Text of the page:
The Prince of Wales and Duchess of Cornwall’s second and final day in Northern Ireland began with a trip to Mount Stewart, a National Trust property in County Down.
The couple were there to officially reopen the house, which has undergone an £8 million refurbishment, and used a ceremonial sword to cut the cake.
Lady Rose Loritzen lives at the house, who is a distant cousin of Camilla; the Duchess’ ancestors have lived in the house since the 18th century. The two are related through their connection with the Keppels.
Lady Rose said: ‘They were very impressed.
‘They really liked the house. His Royal Highness has been here before the restoration and I think he was really impressed.
‘The Duchess sadly, couldn’t come the last time so it was the first time Her Royal Highness had seen it and she loved it.’
Prince Charles has a passion for conservation, as seen with his charity The Prince’s Regeneration Trust, and helped to save Dumfries House, home to notable Chippendale works, for the nation in 2007.
Corrymeela, County Antrim, was the couple’s next stop; it is Northern Ireland’s oldest peace and reconciliation centre.
The centre opened 50 years ago and was founded by Ray Davey and students from Queens University Belfast; the troubles of Ireland at the time shaped the centre’s work.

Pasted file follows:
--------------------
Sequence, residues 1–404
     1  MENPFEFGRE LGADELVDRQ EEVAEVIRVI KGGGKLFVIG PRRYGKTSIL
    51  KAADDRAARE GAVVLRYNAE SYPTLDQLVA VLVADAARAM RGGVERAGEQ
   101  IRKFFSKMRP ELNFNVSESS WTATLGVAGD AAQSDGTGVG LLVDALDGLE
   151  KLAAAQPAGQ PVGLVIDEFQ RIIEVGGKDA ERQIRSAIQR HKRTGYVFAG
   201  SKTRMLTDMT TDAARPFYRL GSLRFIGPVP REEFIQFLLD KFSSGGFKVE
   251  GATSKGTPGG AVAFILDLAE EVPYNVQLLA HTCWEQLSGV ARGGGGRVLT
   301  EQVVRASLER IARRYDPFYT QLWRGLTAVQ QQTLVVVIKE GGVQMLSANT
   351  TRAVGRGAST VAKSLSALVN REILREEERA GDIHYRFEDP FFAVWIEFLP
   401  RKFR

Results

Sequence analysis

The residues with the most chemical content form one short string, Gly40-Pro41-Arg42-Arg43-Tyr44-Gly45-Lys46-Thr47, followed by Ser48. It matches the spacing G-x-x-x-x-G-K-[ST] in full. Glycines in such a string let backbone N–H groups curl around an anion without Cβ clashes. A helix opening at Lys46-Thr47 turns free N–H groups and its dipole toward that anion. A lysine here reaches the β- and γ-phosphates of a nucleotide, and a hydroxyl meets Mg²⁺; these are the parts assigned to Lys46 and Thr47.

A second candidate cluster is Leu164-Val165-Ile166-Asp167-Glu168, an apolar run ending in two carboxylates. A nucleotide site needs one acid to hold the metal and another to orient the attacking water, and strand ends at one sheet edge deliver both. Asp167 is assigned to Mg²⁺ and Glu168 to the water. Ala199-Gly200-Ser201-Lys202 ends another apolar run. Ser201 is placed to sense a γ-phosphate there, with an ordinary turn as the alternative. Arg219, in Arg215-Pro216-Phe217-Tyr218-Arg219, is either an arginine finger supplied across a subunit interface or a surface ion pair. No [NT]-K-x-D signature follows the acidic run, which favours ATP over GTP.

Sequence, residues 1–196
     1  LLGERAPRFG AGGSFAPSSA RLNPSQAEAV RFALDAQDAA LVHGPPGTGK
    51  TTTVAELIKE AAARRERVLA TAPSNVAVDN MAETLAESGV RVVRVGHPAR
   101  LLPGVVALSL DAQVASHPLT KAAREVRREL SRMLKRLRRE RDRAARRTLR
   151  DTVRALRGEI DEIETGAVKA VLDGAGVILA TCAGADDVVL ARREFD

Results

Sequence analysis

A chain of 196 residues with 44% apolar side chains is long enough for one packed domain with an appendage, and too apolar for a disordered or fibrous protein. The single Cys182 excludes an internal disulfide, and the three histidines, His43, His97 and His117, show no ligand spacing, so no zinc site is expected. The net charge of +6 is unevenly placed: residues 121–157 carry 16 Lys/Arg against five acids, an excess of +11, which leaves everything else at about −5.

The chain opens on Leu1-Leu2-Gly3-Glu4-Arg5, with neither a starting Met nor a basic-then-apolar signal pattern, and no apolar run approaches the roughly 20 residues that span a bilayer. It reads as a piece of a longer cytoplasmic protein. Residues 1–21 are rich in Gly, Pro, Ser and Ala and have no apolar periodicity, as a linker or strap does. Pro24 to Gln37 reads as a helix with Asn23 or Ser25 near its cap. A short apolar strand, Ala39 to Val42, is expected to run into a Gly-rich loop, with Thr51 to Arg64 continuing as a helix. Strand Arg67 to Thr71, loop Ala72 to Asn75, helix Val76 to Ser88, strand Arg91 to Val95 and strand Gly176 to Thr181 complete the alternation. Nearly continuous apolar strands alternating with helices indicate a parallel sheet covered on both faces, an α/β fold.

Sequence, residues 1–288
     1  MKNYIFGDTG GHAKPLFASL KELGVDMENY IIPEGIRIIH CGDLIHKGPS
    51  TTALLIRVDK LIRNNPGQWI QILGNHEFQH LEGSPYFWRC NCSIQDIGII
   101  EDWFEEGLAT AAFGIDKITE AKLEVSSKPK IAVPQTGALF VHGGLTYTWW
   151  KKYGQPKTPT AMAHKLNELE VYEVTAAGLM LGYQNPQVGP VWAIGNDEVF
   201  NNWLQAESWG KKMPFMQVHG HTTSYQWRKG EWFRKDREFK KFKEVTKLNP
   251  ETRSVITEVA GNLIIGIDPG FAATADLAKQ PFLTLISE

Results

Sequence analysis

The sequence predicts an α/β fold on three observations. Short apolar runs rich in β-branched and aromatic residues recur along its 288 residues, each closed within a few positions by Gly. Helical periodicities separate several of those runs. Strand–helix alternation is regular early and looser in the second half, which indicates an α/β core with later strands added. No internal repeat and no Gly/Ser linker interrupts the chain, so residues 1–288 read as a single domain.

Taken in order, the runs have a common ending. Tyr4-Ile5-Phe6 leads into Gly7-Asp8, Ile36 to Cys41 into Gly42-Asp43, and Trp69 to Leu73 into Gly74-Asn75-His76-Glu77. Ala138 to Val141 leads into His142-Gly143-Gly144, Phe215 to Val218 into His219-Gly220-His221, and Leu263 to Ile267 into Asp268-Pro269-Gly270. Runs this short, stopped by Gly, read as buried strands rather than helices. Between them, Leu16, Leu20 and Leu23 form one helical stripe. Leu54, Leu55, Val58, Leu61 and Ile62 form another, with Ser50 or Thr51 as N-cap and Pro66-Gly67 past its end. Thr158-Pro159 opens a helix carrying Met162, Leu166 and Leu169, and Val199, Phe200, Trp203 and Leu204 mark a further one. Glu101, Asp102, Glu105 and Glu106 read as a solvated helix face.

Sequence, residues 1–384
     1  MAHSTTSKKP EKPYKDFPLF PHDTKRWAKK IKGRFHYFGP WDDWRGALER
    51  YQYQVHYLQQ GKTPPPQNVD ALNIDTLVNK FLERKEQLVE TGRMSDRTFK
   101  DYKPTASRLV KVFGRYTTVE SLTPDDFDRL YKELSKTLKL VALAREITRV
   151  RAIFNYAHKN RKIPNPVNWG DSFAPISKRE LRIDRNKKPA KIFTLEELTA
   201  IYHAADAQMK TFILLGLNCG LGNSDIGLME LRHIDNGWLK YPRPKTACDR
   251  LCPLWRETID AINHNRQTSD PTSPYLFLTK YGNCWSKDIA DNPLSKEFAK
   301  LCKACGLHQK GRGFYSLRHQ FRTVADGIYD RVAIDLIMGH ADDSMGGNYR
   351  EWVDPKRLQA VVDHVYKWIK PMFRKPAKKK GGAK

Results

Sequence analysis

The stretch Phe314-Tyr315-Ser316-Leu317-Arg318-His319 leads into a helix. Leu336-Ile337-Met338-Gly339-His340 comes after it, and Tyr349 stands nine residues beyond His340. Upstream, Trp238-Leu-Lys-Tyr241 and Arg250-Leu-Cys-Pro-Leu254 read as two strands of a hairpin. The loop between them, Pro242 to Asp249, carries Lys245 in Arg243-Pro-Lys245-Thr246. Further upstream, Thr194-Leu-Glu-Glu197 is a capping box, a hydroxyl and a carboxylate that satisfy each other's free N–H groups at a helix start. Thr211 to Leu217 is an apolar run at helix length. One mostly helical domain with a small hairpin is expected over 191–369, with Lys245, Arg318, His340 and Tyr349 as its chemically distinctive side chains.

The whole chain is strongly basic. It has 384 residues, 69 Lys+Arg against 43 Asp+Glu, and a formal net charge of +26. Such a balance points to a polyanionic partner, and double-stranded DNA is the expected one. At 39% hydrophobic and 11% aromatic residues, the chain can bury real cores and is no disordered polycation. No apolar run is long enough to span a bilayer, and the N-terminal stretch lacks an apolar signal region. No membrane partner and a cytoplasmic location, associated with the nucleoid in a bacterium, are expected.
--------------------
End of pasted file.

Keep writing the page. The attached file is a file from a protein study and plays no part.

A key part of Corrymeela’s role was helping people learn how to have difficult conversations and embrace diversity in others.
Countess Mountbatten, the daughter of the Prince’s great-uncle, Earl Mountbatten of Burma, has given support to the centre over the years.
Charles and Camilla toured the Croi, (‘heart’ in Irish), which is at the centre of the location, and is designed to encourage listening.
The Prince of Wales said: ‘Corrymeela is a beneficiary of the fund set up in memory of my godson, Nicholas Knatchbull, who was killed at Mullaghmore in 1979 along with his grandfather and my beloved great-uncle, Lord Mountbatten, his young friend, Paul Maxwell, and his grandmother, the Dowager Lady Brabourne.
‘Our visit to Sligo this week allowed my wife and I to spend time in a place which the victims of that tragedy held so dear, and also to attend, at Drumcliff Church, an immensely moving service of reconciliation for the hurts of the past, which have been suffered, as you and I know all too well, by all sides.
‘We have all suffered too much. By our shared wounds and scars we can I hope, I pray, share healing and a friendship made all the stronger for the trials it has overcome.’
Reconciliation has been a large part of the trip to both the Republic of Ireland and Northern Ireland, which returned to the Crown in 1922, following the Partition of Ireland, after which it could have remained an independent ad autonomous state.
Featured photo: Andrew Pollock